So, when I started out in this big, bold world of marketing and digital, I focused on the tactics, the services. I wanted to relieve the burden of my client. The “I’ll take care of that for you!” girl. It was awesome. In the early days of digital marketing, websites and marketing, clients were convinced all this “web stuff” was magic. And me, a magician. The more clients I had, the larger the economies of scale, the broader my talent grew. Over the years I grew a wide repertoire in the space. I gained invaluable tools that allowed me good judgement for clients’ tactical needs. I experimented, I developed Best Practices. I grew. I made mistakes. The saying is true:
Good judgement comes from experience. And, experience, that mostly comes from bad judgement.
Having been blessed to work with great companies that afforded me multi-level work with lots of clients, patterns emerged. Not just the tactical patterns, strategic observations. Then, self-serve services came to pass. I gravitated towards speaking about this time, and did less “doing the what” and inspiring the “why”. It was advantageous for me, personally, because I had done the “what”, my advice carried a authenticity to it that few other competitors could relate. More and more, my role became the strategist, the chick that pointed a program in the direction of unique, albeit, predictable success. I wanted a pure strategy company, a think tank. The problem? As I peddled strategy, the clients still wanted the work done for them. That’s cool, I can do that blindfolded. And, hey it’s their money. For 8 years I ran my own services company. A cracker-jack team of smart marketers, we saw explosive success. I still yearned for the pure strategy position. It was a hard sale. Though, there was no shortage of good business, I was a boutique firm, and lacked the impressive staff numbers to sell strategy to the “vanity” clients.
Eventually, I closed my service business and said goodbye to the staff who had become family. It’s gratifying to watch how their careers have taken wings, and I hope that in some small part, I was a part of that trajectory. Flying solo, and digging deeper into what “strategy” meant, I realized I was not alone. All of a sudden, everyone was a strategist, a guru, a maven. Relentless in my pursuit to be the stand out, I’ve come to know there are a handful of important habits the really incredible strategist does. When cultivating these, I felt I had read my palm, my destiny stared back at me with glaring apparence.
Great Strategy makes you care.
Motivation is like bathing, it’s a habit. Whatever the goal might be, great strategy makes you want to do more than ‘keep your job”. I’ve always said, “Every cause needs a rebel”. Good strategy turns goals into causes. It permeates the organization from top-down, bottom-to-top. This thing, it gets a hold of you and becomes part of your DNA until accomplished. Great strategy doesn’t just identify the prescription, it creates the drug that propels you to do the thing at all costs. Check out my post on motivation.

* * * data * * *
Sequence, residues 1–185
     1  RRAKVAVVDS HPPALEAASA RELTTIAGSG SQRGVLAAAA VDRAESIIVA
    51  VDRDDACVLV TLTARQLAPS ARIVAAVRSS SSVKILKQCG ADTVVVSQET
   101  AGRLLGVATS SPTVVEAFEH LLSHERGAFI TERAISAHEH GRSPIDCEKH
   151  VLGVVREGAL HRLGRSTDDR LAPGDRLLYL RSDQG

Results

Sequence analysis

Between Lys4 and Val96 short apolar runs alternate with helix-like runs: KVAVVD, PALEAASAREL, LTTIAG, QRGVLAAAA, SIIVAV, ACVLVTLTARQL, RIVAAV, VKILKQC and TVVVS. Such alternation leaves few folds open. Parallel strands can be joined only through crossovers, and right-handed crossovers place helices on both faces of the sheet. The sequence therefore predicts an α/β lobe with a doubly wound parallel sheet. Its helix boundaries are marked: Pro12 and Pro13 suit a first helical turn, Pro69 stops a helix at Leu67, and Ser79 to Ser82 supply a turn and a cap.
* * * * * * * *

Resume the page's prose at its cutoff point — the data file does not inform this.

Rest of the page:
Great Strategy breaks the system.
If you are playing catch up with the competition, why not imagine something better? It takes the same effort, the same resources to leapfrog past status quo and “break the system” to create a wholly new thing to exceed goals. Great strategists don’t see roadblocks, they know that resourcefulness is the best resource, and they partner with you to become the insurgent brand that gets you there. They don’t reinvent the wheel, that bores them. They create self-driving cars.
Great Strategy digs in.
So many strategists “should” all over a client. Creating fancy PowerPoints and leaving you scratching your head is the hallmark of the average, IMO. Great strategists are great partners and coaches. They’ve lived in the tactical, and they know exactly what has to be performed. If they haven’t done it, how will you? Great strategists identify and remove roadblocks, inspire action and see it through. When I create strategy for a client, I’m their “ride or die” girl. What needs to be done, will be done.
Great Strategy is difficult to copy.
Imitation might be the sincerest form of flattery. Great strategy should be so groundbreaking that it’s near impossible to duplicate. The problem with using a “campaign idea” as strategy is that’s only advertising. It’s cheap, replicatable and end the end, drains your pocketbook with placement battles. Don’t outspend your competition, outsmart them. Campaigns aren’t strategy, they are vehicles. That is not a big idea, that’s lazy.
I still do the tactical thing, when called for, but there’s a new feeling associated with it. It’s inspired action instead of checking off boxes and time sheets. Being a strategist is a noble profession for me. It challenges my best and uses my “failures” as fuel.
I hope sharing my story has inspired you to recognize great strategy, and if you are unclear about yours…you know where I am. (^^,)